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What could Major League Baseball do about check swings, and what counts as one?

Home plate umpires are not required to check with the first and third base umpires on a checked swing. Should there be a change?

Rick Osentoski-USA TODAY Sports

With two on and two out in the ninth inning, Torii Hunter had a chance. A chance to not only get the Twins on the board but put them within one of the Detroit Tigers. But that's all. Barring a surge by Minnesota's offense, the Twins would not have won the first of 162-or-more games. But that's not in question, nor has it the topic of discussion just one game into the 2015 regular season.

Umpires are not obliged to appeal to first base on a check swing -- close or not -- and Hunter's case, he did not ask for one. But are the rules on what counts as a checked swing clearly defined enough, and is there an easy way to get rid of some of the arguments that result from home plate umpires making calls on their own? After the call on Opening Day, some of the Bless You Boys staff got together to discuss the topic and they had some interesting answers.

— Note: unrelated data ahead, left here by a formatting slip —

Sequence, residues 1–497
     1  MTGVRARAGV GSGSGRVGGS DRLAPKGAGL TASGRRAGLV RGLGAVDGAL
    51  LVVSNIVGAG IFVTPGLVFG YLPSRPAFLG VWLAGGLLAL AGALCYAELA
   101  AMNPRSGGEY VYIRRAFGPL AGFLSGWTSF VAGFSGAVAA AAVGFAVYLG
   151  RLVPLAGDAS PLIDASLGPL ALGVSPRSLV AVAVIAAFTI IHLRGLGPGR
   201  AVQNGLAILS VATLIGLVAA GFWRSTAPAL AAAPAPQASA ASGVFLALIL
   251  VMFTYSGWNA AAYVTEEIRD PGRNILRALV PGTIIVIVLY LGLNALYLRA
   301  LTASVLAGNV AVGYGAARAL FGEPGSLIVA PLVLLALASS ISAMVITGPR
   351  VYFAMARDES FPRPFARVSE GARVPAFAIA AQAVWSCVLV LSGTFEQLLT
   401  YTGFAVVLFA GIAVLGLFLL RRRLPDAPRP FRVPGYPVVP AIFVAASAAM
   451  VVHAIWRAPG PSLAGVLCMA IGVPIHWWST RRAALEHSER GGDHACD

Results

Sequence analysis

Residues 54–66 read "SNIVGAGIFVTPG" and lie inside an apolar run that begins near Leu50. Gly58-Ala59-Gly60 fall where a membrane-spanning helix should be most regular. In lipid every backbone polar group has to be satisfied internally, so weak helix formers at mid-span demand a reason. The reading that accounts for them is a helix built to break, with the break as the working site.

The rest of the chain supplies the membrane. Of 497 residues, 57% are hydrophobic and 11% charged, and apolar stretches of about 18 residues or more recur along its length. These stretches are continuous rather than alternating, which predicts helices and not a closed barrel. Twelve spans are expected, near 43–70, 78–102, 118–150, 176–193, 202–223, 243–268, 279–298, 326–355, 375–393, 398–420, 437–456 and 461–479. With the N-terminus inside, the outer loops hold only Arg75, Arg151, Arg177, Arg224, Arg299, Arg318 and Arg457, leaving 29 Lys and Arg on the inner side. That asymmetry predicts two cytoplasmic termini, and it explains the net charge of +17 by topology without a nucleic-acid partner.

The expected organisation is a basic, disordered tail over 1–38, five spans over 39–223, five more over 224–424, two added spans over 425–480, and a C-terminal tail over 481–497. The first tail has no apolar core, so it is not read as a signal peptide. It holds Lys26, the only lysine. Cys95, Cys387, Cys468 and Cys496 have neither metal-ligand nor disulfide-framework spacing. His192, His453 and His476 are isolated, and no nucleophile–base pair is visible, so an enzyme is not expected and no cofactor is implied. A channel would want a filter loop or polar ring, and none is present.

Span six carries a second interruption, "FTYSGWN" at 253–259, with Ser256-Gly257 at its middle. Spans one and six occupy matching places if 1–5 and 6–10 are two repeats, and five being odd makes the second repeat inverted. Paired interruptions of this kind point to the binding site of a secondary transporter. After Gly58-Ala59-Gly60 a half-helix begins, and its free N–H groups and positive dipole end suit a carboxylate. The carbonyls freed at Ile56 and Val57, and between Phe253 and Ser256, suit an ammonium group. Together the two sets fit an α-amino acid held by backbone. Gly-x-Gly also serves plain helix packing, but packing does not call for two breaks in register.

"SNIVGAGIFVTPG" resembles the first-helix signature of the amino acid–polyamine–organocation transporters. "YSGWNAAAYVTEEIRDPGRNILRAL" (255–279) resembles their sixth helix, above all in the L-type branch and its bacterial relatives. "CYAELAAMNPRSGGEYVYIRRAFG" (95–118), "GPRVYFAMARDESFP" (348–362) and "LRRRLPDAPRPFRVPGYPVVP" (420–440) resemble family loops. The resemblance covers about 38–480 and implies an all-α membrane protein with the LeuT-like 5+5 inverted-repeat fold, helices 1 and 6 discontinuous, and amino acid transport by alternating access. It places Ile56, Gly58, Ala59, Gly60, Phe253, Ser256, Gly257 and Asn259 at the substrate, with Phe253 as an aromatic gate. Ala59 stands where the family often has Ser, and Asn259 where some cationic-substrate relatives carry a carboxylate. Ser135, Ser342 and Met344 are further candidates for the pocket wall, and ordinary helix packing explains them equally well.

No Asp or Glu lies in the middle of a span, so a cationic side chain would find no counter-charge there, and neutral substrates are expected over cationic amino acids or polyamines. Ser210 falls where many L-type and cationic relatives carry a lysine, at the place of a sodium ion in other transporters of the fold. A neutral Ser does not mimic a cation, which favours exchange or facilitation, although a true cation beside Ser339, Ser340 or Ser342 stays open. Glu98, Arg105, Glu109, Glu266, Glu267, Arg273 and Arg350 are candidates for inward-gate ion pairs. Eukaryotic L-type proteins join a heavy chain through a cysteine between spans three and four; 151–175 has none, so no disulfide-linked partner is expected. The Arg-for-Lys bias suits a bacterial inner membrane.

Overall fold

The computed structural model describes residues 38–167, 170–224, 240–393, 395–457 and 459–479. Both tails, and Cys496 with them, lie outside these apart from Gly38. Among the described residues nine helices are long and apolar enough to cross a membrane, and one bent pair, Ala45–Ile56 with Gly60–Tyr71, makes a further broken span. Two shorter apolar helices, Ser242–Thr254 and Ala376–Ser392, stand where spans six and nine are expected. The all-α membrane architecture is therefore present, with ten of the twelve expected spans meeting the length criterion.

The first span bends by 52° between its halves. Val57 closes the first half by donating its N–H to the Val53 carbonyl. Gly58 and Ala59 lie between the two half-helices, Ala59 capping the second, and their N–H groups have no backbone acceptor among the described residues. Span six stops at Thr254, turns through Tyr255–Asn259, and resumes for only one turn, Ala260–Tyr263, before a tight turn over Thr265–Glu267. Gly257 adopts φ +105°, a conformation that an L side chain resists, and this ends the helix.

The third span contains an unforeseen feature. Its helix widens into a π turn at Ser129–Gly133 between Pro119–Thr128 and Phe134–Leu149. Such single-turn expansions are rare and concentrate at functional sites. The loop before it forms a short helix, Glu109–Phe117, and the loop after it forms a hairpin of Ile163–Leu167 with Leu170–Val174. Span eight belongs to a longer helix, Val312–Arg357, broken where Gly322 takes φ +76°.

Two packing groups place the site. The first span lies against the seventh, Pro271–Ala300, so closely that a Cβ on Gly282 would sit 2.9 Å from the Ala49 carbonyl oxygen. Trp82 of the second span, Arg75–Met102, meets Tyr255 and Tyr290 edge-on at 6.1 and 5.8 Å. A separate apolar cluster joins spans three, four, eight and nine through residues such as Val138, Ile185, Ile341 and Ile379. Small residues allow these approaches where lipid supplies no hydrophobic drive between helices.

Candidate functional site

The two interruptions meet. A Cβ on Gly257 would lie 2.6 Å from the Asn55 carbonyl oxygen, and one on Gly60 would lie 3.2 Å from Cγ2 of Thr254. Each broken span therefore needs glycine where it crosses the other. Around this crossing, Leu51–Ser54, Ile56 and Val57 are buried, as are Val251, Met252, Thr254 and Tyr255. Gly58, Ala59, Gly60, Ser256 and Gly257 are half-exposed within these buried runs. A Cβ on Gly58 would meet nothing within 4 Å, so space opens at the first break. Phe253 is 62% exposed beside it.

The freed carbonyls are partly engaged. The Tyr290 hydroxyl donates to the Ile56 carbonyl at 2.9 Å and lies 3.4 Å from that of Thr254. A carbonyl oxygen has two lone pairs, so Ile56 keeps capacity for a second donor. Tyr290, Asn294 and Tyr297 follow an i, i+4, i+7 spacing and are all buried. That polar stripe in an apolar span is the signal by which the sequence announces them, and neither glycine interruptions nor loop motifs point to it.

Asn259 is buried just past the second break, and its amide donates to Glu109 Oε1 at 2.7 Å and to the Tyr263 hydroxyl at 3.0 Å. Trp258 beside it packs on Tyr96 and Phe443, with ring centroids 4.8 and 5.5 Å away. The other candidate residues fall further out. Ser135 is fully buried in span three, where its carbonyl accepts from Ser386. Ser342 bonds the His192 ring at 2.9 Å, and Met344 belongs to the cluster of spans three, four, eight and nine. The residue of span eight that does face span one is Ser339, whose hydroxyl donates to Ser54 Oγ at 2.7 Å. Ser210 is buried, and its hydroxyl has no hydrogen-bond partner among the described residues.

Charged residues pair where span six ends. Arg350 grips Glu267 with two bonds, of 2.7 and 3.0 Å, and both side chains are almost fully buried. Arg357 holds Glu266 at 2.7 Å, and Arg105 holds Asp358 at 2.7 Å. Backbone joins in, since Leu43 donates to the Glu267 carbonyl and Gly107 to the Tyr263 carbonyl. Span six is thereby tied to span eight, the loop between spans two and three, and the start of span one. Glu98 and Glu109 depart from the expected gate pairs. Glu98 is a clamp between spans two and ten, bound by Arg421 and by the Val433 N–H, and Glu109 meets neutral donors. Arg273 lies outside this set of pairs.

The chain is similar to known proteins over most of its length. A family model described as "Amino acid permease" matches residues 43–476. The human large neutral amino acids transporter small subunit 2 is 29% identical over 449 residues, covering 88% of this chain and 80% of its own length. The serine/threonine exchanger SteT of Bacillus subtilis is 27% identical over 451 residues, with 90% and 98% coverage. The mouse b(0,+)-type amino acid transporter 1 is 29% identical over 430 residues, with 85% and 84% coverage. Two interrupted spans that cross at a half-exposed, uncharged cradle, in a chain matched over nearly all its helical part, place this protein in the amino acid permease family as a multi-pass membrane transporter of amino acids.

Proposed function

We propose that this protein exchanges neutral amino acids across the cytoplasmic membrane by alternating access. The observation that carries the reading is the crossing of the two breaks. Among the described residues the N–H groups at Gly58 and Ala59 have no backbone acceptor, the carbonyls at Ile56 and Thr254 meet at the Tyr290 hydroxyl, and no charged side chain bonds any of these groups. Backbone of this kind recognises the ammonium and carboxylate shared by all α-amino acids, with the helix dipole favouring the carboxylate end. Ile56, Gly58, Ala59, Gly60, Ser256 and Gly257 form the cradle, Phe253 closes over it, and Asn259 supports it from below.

Should home plate umpires be required to check with the first and third base umpires on check swings?

Kurt: Required? No. Advised? Certainly. Who's to say the base umpires have a great angle on a close check swing anyway? If you really don't know, sure, you'd better ask for help. Otherwise you're just substituting one guy's best judgment for another guy's best judgment.

Brandon: Not required. They should be directed to appeal to the corner umpire with the best view, particularly in the late innings. Sometimes the home plate umpire will have the better view. It's not a given that the first base umpire will see it more clearly.

Justin: Required might be a strong word. But strongly, strongly advised? Definitely. I think most umpires do a good job at this. They usually only make that call on their own when it's obvious. I feel like you rarely see umpires do it on such a close call like Torii's.

Jon: Yes, I'd require it. Eliminate as much doubt as you can. The home plate umpire has no angle to determine anything but the most obvious calls. Judging a 95 mph pitch or a diving curve is hard enough without guessing if a batter swing. Check it with the base umpire.